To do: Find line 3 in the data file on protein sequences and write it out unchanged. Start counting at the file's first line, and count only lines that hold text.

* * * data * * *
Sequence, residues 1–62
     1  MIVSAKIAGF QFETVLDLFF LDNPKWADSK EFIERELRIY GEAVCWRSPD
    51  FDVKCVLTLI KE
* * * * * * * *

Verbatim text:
    51  FDVKCVLTLI KE